Cafes, bars and restaurants outside of Auckland have their fingers crossed for booming trade this weekend.
It is the first weekend under the new-look alert level 2 and its tougher rules.
And it has not been smooth sailing so far.
Dinner service on the first day at alert level 2 did not go nearly as well as Ōtautahi's ChiChi Kitchen owner Eugene Chang had hoped.
"I just had one customer, one regular came for dinner and that was it," he said.
The Italian restaurant sits in the heart of central Christchurch, but Chang said the streets were much quieter this time, post-lockdown.
"My restaurant is in the middle of town and there's no one around.
"I don't know what happened, but everywhere was quiet. There weren't even many cars on the street."
Under the tougher alert level 2 rules, no more than 50 people are allowed in the restaurant at one time, all staff have to wear face coverings and all groups must be seated one metre apart.
Eugene Chang said even if he could get a busy night, he would be running at 65 percent of the usual seating capacity.
He said each night, it was hard to know whether to open or not.
"It's like [asking] where am I going to be in five years' time?
"I don't know where I'm going to be in five years' time and I don't know what this restaurant is going to be in three days' time.
"It's very, very unpredictable."
Restaurant Association of New Zealand chief executive Marisa Bidois said she was hearing a similar story around the country.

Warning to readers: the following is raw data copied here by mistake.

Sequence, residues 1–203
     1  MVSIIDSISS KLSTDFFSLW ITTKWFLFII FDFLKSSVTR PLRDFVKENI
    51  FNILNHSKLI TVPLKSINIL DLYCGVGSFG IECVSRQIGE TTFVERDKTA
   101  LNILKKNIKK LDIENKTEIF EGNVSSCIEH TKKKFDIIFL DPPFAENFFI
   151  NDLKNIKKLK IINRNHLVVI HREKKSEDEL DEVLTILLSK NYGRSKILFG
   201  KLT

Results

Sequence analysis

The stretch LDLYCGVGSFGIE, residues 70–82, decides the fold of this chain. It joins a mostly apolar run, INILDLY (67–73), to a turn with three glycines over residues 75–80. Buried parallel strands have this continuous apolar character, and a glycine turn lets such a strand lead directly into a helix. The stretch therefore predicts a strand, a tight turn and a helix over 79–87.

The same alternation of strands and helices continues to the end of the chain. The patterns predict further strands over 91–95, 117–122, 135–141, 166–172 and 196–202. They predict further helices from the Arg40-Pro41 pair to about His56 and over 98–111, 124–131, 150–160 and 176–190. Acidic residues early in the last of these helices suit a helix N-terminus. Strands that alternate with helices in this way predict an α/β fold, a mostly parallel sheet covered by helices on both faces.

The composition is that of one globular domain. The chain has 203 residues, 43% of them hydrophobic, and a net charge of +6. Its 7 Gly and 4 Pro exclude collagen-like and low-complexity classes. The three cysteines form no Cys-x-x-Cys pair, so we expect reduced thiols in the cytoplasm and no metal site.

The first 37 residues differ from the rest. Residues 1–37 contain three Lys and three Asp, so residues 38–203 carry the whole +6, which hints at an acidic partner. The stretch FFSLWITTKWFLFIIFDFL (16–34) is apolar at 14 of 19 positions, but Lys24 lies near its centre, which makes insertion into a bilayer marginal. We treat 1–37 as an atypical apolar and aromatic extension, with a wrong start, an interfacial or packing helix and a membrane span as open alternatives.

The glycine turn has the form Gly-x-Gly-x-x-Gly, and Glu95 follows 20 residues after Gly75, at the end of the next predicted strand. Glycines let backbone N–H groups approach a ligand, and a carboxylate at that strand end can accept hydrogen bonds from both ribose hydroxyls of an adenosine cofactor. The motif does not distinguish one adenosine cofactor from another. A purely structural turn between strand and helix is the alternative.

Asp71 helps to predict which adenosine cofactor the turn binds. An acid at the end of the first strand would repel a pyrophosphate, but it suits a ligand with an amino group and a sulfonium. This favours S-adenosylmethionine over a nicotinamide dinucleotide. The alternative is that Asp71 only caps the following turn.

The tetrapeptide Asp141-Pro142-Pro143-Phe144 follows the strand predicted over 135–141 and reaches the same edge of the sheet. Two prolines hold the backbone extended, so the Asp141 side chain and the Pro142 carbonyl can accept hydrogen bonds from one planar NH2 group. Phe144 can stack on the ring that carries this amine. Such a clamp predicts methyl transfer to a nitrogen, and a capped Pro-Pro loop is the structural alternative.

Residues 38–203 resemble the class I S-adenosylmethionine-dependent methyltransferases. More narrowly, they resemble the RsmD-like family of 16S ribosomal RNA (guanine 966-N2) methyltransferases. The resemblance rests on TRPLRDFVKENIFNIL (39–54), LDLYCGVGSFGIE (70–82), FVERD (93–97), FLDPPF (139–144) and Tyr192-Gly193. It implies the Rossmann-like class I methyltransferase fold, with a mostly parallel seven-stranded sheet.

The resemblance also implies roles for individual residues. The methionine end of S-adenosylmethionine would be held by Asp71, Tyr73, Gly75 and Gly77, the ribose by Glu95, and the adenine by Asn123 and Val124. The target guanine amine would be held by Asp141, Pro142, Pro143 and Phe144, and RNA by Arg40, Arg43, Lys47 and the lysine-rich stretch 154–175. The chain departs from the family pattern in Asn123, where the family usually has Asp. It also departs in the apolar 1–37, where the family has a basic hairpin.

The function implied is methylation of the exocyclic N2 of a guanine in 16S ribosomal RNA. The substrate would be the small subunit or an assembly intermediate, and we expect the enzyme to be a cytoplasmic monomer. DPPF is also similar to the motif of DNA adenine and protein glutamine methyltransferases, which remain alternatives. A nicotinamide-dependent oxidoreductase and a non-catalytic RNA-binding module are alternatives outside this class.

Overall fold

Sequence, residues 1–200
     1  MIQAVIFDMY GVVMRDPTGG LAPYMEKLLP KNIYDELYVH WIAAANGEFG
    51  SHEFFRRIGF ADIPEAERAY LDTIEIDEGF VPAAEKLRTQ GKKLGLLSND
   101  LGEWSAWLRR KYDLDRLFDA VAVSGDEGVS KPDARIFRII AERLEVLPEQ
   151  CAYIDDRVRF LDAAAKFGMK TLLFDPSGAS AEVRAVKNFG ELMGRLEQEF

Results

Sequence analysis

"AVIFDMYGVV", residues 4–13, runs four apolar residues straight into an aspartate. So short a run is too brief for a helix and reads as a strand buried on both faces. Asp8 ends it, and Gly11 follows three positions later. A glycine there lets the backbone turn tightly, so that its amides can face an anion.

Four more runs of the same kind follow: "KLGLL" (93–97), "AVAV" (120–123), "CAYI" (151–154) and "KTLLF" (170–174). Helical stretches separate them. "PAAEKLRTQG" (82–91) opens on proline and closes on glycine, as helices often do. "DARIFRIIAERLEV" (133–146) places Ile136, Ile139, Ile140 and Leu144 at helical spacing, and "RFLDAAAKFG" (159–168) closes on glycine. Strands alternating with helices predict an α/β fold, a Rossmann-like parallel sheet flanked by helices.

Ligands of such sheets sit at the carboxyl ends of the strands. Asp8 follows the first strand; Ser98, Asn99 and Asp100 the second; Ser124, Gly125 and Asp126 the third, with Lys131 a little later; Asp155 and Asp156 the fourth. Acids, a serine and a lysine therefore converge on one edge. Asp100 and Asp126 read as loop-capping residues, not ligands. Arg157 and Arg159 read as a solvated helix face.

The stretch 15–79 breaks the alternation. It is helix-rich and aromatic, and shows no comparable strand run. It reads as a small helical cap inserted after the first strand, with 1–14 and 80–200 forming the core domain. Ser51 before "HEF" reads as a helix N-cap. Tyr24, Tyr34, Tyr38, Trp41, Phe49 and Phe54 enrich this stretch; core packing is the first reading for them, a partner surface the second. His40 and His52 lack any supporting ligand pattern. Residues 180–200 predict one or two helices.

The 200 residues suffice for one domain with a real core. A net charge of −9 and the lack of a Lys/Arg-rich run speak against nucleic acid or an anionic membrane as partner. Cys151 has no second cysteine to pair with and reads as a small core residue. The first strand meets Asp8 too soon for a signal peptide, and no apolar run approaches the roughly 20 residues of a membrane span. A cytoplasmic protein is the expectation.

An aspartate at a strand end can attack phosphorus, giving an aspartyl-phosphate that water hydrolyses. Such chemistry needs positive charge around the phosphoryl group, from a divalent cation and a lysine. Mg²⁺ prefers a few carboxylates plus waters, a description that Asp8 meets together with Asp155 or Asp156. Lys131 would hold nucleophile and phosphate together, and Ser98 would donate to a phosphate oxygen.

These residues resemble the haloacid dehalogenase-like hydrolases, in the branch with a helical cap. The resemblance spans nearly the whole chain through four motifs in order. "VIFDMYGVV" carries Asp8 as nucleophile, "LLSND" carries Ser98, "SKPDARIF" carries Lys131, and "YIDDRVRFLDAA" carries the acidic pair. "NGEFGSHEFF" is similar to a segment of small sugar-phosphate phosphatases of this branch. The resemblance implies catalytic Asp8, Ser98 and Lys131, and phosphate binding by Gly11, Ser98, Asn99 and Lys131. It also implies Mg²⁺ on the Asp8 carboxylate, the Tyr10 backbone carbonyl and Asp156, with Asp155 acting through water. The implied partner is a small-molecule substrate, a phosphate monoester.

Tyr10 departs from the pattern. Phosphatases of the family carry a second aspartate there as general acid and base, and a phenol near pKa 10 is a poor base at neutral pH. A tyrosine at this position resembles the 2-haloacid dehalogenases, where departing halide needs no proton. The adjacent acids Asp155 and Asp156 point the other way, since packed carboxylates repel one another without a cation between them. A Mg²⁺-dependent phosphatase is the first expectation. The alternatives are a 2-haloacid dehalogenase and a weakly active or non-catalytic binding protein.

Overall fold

"The conversations we're having with members at the moment, we're getting feedback about how quiet things have been at level 2 this time.
"I think the last time we were at level 2, we saw a lot more of the public getting out there and back into our businesses.
"But the mood definitely seems to be a bit different this time, and that's what we're hearing from businesses on the ground, around the country."
Bidois said it could be a fear of Delta.
"Something has changed, whether it's people worried about this different variant of Covid-19.
"We're unsure at the stage, but we'd really like to encourage the public that it's absolutely safe to go into hospitality businesses at the moment.
"We have everything set up in our businesses, we have spacing, all of our businesses are ready to go and are aware of the rules that need to be in place to keep customers safe."
She wants to see targeted financial help for the sector - including extending the wage subsidy to hospitality businesses operating under alert level 2.
Just north of Oamaru, local favourite Riverstone Kitchen is back open for business.
Floor manager Sarah Thompson said customers were following the mandated masking and contact tracing rules.
"I think distancing is the one thing that customers sometimes forget about," she said.
"But most customers do seem to be keeping their distance and I think people are being a bit more cautious this time around."
Thompson said it had not been as busy as she would have hoped, but things were looking up for this weekend.
Bidois said people supporting their local cafe or restaurant made all the difference.
"The public were so incredibly supportive of our local businesses the last time we were in this space, and we'd really love to see them out there again and doing their part to support the hospitality community."